Blake seeks to provide the Golden String which can lead us through the labyrinth of our experience or his own poetry.

Tuesday, March 22, 2011


Taking his inspiration from the illuminated manuscripts of the middle ages, Blake invented the process of creating Illuminated Books (for video hit Click to Watch!). Between 1788 and early 1795 Blake published a series of fifteen Illuminated Books. He returned to creating Illuminated Books in 1804 when he began work on Milton (finished in 1808 or later) and Jerusalem. Blake committed himself in the minute particulars of producing his Illuminated Books. The process included creating a mental image, drawing, composing the design and poetry of the plate, engraving, printing, painting, compiling and selling. From inception to final production the color copy of Jerusalem was labored over for sixteen years.
Blake was making a variety of statements through his method of publication. One was a political statement of his opposition to the advent of the machine age which meant the loss of individual production of hand crafted goods. He chose the tedious labor of hand production as a means of entering into the crafting of each item as an expression of his own imagination. If Golgoonoza, Blake's city of imagination existed in London, its headquarters were in the home workshop of William and Catherine Blake - be it ever so humble.

Michael Bedard's biography, William Blake The Gates of Paradise, includes this statement about Blake's choosing his nonconformist way of working.

"In rejecting the ways of the world of commerce and the spread of machine methods into the world of art, Blake embraced the Illuminated Book with renewed passion. While industrial production prided itself on the ability to make an endless stream of identical copies, in Illuminated Printing each copy was unique. While industry prided itself on speed and efficiency, Blake's mode of production was deliberately slow and inefficient. While industrial production was grounded on the division of labor and the distinction of those who worked with their heads and those who worked with their hands, Blake's was an artisan's spirit. He took pride in the work of his head and hands and relentlessly pursued the unity of head and hands in the work of art. With the Illuminated Book, Blake strove to restore writing to the 'wondrous art' it was." (Page 140)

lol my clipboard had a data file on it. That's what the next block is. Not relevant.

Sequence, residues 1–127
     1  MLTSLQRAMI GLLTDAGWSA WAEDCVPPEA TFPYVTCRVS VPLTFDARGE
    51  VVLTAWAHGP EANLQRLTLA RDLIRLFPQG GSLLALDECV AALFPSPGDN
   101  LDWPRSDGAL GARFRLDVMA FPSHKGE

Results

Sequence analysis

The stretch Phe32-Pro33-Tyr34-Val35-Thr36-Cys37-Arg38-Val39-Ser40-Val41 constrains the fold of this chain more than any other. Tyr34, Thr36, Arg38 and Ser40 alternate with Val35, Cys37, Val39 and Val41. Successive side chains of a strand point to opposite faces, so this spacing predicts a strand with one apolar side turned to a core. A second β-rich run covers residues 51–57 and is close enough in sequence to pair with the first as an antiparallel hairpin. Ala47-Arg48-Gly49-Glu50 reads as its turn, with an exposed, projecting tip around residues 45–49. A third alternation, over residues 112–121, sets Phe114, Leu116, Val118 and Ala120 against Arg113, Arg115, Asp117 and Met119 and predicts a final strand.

Jerusalem , Plate 65, (E 216)
"And all the Arts of Life. they changd into the Arts of Death in Albion.
The hour-glass contemnd because its simple workmanship.
Was like the workmanship of the plowman, & the water wheel,
That raises water into cisterns: broken & burnd with fire:
Because its workmanship. was like the workmanship of the shepherd.
And in their stead, intricate wheels invented, wheel without wheel:
To perplex youth in their outgoings, & to bind to labours in Albion
Of day & night the myriads of eternity that they may grind
And polish brass & iron hour after hour laborious task!
Kept ignorant of its use, that they might spend the days of wisdom
In sorrowful drudgery, to obtain a scanty pittance of bread:
In ignorance to view a small portion & think that All,
And call it Demonstration: blind to all the simple rules of life."

One who chooses the building of Jerusalem as one's lifework is outside of the mainstream of culture in any age.


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